Great tip for making PCBs.

Jaggermax

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I don't mean to deviate from discussions on Deer Cams, but this may be useful for a number of us. For those of us that like to make our Deer Cam PCB boards, I came across a great tip.  I have been using the toner transfer paper from DynaArt for my PCBs.  However, the stuff is $3 bucks a sheet and if you screw up alot like me, then you can burn through the whole pack real quick.  Instead, use regular glossy inkjet photo paper.  I have tried the HP glossy photo and others, but the best is called Jet Print "Graphic image paper, Glossy".  It works just as well as the DynaArt transfer and only costs about 75 cents a sheet.  KMart has it on sale right now at 20 sheets for $5.  For additional info on the process, check out http://www.fullnet.com/u/tomg/gooteepc.htm

(Edited by Jaggermax at 8:56 pm on April 24, 2001)


(Edited by Jaggermax at 8:58 pm on April 24, 2001)
 



Tinhorn

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Jaggermax

I got a "Page Not Found" Error on your Link?
 

Archilochus

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Hi All,
I've been using Xerox "color inkjet photo glossy paper" instead of the toner transfer paper.  Lots cheaper and seems to work even beter than the toner transfer stuff - less chunks of toner missing out of the transferred traces.

Good Luck!,

Archilochus
 

jayber

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I wasn't able to find the Jet Print Photo, Graphic Image Paper - Glossy.  However, they did have Graphic Image - Matte finish.  I've tried the photocopy method using the darkest setting, but can't get a complete transfer.  Some of the circuit shows great while the rest is nonexistent.  Could it be the paper difference?  Anybody have any other suggestions before I run out to K-Mart to see if I can find the paper there??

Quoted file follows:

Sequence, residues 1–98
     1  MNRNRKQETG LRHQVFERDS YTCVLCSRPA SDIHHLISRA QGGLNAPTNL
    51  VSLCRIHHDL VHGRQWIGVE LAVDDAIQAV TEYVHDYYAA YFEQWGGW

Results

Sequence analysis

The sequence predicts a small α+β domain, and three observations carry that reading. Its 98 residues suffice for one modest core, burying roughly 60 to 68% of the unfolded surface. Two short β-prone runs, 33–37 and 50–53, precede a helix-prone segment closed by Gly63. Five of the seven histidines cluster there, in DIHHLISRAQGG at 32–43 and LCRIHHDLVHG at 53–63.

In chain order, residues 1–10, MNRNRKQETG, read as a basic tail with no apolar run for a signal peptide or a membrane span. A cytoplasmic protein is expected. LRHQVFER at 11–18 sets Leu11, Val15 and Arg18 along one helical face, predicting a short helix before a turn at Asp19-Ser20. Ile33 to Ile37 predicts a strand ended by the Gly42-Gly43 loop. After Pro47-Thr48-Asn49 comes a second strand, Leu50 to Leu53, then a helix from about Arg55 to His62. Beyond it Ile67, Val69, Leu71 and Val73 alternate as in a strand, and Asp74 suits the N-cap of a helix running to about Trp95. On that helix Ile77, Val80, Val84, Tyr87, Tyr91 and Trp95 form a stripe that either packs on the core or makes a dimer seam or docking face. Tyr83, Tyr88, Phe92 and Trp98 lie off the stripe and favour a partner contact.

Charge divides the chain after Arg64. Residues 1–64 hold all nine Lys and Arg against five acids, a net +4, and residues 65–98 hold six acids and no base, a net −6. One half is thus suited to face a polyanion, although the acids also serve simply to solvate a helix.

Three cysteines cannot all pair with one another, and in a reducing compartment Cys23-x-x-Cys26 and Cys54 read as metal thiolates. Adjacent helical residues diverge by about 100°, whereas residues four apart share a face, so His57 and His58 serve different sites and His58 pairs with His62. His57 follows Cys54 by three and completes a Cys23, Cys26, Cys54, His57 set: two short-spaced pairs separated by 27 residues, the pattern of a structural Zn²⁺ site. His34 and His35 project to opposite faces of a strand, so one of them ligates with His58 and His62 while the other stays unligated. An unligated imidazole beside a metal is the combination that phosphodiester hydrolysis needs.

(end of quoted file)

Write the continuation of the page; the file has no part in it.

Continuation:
Archilochus

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Hi jayber,
I'd think you could get away with using most any *glossy* photo paper.  I'm guessing the matte stuff does not release the toner as well.
Try these steps, I've had great results - even down to 15 mil traces!

1) Copy at the darkest setting on a *high quality* photo-copier (I've heard laser printers work better).

2) Heat-treat the circuit before transferring it - "burn" it with a heat gun - not a hair drier.  You want the traces to turn glossy.

3) You want to really cook the toner onto your PC board.  Clothing irons don't really work that well (not so far for me anyway)   I use a tool that was made for transferring artwork onto cloth.  It's like a cheap soldering iron with a wide, flat brass plate attatched.  I follow that with a regular clothing iron just to get any spots I might have missed.

4) Let it soak - patience is required.  The paper will slip right off if you soak it long enough.  

5) After removing paper, gently rub the PC board with your finger tips under hot water to get the slimy stuff off the board.  This also will break off any loose toner, so you'll know where to touch up the traces with a Sharpie marker.

Good Luck!,

Archilochus
 

jayber

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Thanks......back to the store to find the Glossy stuff tonite!!
 

Jaggermax

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Stay away from the matte finish paper.  I does not release the toner as well as the gloss paper.  Pretty much most any glossy paper will work, but I found the JetPrint is the easiest to remove in the water bath.  It pretty much fall off the board after a minute or two.